• U.S. stocks were flat. Here’s a snapshot of global markets.
In the News
• Where is the world’s worst humanitarian crisis? Yemen, where after two and a half years of war, a raging cholera epidemic has now infected more than half a million people. [The New York Times]
• Russia flew nuclear-capable strategic bombers around the Korean Peninsula, a rare show of force that prompted Japan and South Korea to scramble jets. [Reuters]
• A Vietnamese man suspected of involvement in the abduction of a high-ranking construction executive in Germany has been arrested in the Czech Republic and extradited to Berlin. [The New York Times]
• Australia’s foreign affairs minister said it was not the Australian spy chief’s idea to pose for a “fist-pump” photo with President Rodrigo Duterte of the Philippines — it was Mr. Duterte’s. [ABC]
• China’s social media users are having fun with a People’s Liberation Army post that gives health advice to recruits: Cut down on fizzy drinks and video games. [BBC]
Tips, both new and old, for a more fulfilling life.
• Protect your accounts by text or app.
• In what should you invest?
• Recipe of the day: Take the leap and make your own blueberry jam. It’s worth it.
• In Bhutan, the phallus has been celebrated for centuries and used to ward off evil. To the chagrin of local people, phalluses have become a curio to peddle in all sizes and colors to the increasing number of visitors to the Himalayan kingdom.
• The common sea star (Asterias forbesi) is way more brutal than it looks.
• Black and Hispanic students are more underrepresented on U.S. campuses than they were 35 years ago, according to a Times analysis.
It all began with a question about L. Frank Baum’s off-the-cuff story about a faraway magical land. What, a child asked, was the name of this extraordinary place? Baum looked at a filing cabinet label, rejected “A-G” and went with “O-Z.”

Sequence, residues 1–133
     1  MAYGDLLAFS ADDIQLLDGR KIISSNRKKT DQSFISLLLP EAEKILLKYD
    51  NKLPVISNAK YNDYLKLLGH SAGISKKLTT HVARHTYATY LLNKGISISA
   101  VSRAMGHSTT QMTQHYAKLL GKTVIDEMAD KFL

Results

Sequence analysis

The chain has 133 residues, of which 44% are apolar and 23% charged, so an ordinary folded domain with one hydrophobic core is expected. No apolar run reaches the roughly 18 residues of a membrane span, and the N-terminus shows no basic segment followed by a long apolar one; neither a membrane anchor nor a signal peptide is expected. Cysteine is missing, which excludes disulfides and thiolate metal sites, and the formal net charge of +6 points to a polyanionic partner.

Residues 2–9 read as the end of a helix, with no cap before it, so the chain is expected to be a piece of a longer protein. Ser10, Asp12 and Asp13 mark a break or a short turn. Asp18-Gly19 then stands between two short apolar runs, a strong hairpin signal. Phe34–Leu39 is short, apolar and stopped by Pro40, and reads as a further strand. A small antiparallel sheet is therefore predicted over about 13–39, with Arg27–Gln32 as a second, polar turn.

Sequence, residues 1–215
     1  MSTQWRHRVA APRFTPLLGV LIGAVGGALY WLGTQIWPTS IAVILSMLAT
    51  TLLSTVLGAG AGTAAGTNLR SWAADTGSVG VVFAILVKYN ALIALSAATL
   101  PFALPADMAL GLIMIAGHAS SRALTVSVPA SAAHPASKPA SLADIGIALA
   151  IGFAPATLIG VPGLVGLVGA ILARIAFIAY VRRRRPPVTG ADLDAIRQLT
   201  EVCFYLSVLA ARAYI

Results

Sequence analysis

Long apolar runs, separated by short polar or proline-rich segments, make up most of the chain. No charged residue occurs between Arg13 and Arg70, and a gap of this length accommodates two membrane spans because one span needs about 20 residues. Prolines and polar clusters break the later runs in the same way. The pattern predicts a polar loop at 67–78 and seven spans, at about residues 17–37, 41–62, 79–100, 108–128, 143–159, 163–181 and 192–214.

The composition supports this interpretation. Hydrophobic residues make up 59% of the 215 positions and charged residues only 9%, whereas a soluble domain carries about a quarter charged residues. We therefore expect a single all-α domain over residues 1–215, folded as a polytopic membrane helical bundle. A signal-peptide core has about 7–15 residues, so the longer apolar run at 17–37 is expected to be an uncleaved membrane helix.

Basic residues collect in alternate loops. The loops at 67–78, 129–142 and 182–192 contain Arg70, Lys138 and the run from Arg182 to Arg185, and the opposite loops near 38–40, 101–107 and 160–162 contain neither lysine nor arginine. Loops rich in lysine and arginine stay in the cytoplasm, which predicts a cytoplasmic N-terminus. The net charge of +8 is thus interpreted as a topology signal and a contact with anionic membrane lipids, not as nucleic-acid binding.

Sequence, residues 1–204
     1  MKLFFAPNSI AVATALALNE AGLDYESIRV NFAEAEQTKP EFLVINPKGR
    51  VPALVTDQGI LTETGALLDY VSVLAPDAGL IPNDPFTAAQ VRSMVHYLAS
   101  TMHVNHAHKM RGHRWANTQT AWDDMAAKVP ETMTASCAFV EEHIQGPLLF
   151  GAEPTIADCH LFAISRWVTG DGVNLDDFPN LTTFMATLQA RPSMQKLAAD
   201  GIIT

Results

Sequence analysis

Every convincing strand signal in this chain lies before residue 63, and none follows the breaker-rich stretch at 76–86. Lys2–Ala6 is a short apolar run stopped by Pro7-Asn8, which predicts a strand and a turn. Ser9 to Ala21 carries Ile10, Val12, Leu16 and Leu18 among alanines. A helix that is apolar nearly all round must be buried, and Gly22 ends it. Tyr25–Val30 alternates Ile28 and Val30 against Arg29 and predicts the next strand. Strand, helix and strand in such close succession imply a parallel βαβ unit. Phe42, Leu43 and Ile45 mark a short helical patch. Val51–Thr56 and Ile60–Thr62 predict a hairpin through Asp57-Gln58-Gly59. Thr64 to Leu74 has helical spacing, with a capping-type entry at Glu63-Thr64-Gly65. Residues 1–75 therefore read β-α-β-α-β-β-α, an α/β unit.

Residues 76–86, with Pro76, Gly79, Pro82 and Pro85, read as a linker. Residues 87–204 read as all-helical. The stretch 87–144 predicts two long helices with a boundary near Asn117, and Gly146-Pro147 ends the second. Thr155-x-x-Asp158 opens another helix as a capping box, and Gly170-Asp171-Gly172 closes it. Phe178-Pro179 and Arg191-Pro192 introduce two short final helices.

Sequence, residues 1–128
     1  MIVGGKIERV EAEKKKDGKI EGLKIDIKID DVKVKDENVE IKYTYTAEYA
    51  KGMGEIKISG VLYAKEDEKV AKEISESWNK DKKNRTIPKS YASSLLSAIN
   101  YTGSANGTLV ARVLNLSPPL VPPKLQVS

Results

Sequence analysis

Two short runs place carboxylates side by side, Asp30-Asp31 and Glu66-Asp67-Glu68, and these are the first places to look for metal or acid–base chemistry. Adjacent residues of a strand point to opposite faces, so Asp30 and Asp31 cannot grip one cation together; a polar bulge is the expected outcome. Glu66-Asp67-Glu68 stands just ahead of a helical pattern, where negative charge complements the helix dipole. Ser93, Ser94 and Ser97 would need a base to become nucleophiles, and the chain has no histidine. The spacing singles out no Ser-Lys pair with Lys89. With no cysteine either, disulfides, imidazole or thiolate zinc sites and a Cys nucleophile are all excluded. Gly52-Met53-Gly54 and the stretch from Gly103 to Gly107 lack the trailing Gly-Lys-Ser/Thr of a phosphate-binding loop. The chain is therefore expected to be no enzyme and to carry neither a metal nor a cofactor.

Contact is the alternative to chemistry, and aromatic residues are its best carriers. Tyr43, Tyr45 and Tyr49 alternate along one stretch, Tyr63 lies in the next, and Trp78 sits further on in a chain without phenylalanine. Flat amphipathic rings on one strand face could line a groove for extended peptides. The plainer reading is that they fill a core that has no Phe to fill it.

That’s one origin story of “The Wonderful Wizard of Oz,” the children’s book that became a celebrated movie, which opened in wide release in the U.S. on this day in 1939.
It took more than a few screenwriters (11 by one count) to adapt Baum’s vision into a girl’s dream of a land over the rainbow from Depression-era Kansas.
Theories about the story abound. Is the yellow brick road a metaphor for the gold standard in the late 1800s? Does the movie sync up with Pink Floyd’s album “The Dark Side of the Moon”?
Some scholars are skeptical that Baum set out to write a populist allegory. (You’re on your own testing the Pink Floyd claim.)
But the charms of Baum’s tale endure. As a Times film critic wrote at the film’s debut, “It is all so well-intentioned, so genial, and so gay that any reviewer who would look down his nose at the fun-making should be spanked and sent off, supperless, to bed.”
Tim Williams contributed reporting.
We have briefings timed for the Australian, Asian, European and American mornings. You can sign up for these and other Times newsletters here.
Your Morning Briefing is published weekday mornings and updated online.
What would you like to see here? Contact us at firstname.lastname@example.org.
Continue reading the main story